Reclaiming Black Beauty through the Power of Braids
Summer. Remember her? The sun sets at 9pm and outdoor dining is safe-ish. The air is light and the breeze is oh so welcome as the sun not-so-gently roasts your skin (please everyone be wearing sunscreen). Sundresses and those little shorts the thick thigh men are wearing again are everywhere. We are all well versed on the sights and sounds of summer. Except, one tradition is hiding in plain sight and only the initiated know what’s up.
For those of you out of the loop, I’m going to clue you in. The Black girls all have braids. Cornrows, stitch braids, box braids, Senegalese twists, Bohemian braids, flat twists, faux locs, crochet braids. The list goes on and on. Every year there is something so special about seeing the first of the summer braids emerge like the fresh sprouts of hard working little seeds from the soil.
Usually I live in two big braids, intricately snaked around either side of my head with a multitude of products designed to nourish and protect my curls. It was July. I saw the girls with the braids, less because I was always inside, but still. I wanted to join in. My job was cool but bad so I “worked from home” for three days after submitting my 2-weeks notice to do something new with my look before starting my new role. I spent over 36 hours installing what felt like hundreds — in reality probably like 68? — 26in. box braids. The whole process from filthy hair with raggedy ends to washed, blow dried, trimmed, parted, and braided up was more like a week. I watched 2 seasons of Real Housewives of Atlanta with my boxy booty firmly planted on my sofa as I carefully incorporated six packs of 1B 3X Jumbo braiding hair into my locks.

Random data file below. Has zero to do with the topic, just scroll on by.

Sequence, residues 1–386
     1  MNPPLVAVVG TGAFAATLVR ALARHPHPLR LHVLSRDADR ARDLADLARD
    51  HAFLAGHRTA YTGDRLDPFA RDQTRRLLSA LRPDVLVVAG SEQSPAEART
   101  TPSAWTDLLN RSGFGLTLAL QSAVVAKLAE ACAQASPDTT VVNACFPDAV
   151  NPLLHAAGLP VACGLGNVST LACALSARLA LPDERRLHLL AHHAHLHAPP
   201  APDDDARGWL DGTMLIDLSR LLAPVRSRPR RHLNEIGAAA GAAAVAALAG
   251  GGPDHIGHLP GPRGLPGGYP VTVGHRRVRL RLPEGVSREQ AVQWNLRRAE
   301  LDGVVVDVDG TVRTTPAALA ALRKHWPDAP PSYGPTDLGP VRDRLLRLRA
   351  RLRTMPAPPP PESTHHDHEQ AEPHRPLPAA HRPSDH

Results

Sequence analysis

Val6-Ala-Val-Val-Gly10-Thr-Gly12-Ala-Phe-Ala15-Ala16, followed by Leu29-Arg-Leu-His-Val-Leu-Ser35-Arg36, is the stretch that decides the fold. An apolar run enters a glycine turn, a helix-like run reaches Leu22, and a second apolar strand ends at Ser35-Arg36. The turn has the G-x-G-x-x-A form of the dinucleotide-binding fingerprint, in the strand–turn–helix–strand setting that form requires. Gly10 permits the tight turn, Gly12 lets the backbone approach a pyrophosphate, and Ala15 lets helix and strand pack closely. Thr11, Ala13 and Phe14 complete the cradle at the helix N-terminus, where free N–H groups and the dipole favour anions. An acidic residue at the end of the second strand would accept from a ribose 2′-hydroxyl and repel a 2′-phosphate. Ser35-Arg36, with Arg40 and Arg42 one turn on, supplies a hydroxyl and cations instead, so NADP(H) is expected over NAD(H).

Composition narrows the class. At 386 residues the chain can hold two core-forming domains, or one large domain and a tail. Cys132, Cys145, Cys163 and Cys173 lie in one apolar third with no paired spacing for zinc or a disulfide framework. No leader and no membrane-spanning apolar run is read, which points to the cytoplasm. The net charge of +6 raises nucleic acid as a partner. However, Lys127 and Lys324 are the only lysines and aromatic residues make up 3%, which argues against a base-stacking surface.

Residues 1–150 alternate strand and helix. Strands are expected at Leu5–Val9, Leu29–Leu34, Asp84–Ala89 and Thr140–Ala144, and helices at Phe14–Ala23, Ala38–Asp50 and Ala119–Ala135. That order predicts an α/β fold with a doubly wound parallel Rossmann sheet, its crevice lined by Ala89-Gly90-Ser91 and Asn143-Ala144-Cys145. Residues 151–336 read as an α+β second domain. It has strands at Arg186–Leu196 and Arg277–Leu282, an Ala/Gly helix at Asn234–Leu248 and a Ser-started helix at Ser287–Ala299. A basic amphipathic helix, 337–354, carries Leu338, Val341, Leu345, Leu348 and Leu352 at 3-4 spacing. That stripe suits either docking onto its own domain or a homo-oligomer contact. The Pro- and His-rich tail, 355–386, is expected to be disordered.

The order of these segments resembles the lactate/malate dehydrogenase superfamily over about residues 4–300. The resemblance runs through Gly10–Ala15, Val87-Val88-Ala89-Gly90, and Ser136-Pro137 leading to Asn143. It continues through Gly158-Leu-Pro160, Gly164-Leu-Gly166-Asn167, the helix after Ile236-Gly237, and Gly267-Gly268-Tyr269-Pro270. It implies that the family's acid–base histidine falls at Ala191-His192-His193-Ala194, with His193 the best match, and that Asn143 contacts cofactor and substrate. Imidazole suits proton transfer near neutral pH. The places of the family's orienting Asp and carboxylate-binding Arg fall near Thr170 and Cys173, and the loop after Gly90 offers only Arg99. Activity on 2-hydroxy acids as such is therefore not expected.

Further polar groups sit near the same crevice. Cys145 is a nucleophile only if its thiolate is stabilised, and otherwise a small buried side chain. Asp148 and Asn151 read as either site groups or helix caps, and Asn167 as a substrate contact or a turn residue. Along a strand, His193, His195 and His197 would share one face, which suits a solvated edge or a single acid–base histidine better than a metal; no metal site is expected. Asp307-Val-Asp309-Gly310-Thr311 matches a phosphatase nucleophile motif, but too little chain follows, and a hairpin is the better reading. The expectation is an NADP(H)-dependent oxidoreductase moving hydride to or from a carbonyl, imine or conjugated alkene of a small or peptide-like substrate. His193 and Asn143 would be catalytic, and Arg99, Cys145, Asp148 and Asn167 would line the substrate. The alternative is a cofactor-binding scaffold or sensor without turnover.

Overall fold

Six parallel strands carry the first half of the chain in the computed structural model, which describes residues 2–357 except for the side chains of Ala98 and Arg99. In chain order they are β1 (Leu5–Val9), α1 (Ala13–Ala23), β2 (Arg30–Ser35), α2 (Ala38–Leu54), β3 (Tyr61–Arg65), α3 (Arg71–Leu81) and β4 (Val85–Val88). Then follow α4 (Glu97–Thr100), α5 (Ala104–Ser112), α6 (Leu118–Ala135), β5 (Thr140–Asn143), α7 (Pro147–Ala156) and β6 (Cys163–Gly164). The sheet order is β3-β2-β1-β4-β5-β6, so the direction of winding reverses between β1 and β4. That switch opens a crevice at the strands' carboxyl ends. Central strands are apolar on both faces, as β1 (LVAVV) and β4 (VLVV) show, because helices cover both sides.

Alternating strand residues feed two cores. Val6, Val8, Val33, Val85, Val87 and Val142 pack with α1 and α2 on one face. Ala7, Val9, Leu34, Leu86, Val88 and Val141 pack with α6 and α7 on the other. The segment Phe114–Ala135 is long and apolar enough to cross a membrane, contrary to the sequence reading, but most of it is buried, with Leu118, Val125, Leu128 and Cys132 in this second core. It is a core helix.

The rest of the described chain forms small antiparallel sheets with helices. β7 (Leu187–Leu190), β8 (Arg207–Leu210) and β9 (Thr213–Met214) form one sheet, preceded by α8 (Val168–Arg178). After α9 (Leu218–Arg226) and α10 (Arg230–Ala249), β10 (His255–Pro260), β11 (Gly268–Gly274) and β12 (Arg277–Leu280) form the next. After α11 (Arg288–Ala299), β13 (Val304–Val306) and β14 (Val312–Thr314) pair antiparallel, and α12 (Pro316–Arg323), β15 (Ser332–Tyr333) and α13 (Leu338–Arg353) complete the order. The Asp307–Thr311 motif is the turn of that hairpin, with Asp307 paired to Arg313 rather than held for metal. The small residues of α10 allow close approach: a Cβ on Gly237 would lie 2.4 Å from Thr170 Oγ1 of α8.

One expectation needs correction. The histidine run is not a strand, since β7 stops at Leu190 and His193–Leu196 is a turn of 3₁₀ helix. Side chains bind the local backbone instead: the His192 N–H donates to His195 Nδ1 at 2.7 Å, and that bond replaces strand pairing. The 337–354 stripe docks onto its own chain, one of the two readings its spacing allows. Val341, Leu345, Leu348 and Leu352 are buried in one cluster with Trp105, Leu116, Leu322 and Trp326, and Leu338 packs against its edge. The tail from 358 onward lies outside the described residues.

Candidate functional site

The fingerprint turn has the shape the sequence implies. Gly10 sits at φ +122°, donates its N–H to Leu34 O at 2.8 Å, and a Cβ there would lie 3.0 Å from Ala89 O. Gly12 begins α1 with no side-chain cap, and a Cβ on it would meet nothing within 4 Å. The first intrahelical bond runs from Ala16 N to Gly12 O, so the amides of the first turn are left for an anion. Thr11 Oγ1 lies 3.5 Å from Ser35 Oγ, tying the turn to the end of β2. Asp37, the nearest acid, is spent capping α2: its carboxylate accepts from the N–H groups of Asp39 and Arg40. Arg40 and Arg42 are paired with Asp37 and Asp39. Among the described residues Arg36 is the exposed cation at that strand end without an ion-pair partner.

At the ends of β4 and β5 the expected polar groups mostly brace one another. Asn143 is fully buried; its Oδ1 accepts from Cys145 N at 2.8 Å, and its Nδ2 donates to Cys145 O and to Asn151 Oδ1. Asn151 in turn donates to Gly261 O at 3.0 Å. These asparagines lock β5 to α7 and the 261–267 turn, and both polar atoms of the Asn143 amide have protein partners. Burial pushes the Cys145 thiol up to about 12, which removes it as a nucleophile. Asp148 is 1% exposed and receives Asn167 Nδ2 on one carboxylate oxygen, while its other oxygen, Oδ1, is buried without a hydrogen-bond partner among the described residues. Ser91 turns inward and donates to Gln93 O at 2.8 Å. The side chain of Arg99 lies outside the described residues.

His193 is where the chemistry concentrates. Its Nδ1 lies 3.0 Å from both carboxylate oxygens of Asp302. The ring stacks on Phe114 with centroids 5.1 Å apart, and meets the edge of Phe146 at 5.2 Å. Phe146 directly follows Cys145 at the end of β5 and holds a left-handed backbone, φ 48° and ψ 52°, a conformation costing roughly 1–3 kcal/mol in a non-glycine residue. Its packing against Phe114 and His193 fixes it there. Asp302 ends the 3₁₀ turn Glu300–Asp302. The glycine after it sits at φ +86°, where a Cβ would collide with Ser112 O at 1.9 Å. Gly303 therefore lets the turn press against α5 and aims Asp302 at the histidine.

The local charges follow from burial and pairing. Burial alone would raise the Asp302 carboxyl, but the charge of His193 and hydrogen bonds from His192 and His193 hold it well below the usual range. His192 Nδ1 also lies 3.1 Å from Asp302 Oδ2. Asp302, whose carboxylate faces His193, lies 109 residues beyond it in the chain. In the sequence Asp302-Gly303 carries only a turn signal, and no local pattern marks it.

That week was definitely the most time I actively spent working on myself. As a writer, an introspective thinker, and person who has been deep social distancing since March 2020, the experience really struck me. I have never felt more Black nor more beautiful than when I had finished those very many, very long braids. Other Black girls with their summer braids acknowledged what I had achieved with a reassuring “your hair is cute!” or “love your braids!” We shared a personal understanding of what it is like to have to sit in a place for much longer than reasonable time just for a flex. A flex that denotes a heritage and history that is bigger than us and yet dependent on us to keep alive. It may just be hair, but never is it just hair.
Black people have been braiding hair since hair has needed to be done. Globally, braids are a way of communicating culture and celebrating beauty, style, creativity, and accomplishment. That celebration has been hampered by the discrimination and violence that befalls braid-wearers.
Black children have been targeted and punished in schools for their hairstyles. The U.S. military only recently allowed various natural hairstyles as an acceptable hairstyle. We all had to live through the culturally-appropriative travesty that was “boxer braids.” Oh! My favorite is when Giuliana Ransick said Zendaya’s faux locs “look like they smell like patchouli oil and weed” (and not in a good way). The intentional choices to people of color who have a braiding tradition, Black women specifically, from the ranks of “beautiful” and “acceptable” are damning. I spoke at length in a previous article about grooming gaps and maintaining a socially pleasing appearance. Read that one for that conversation. This article is a celebration.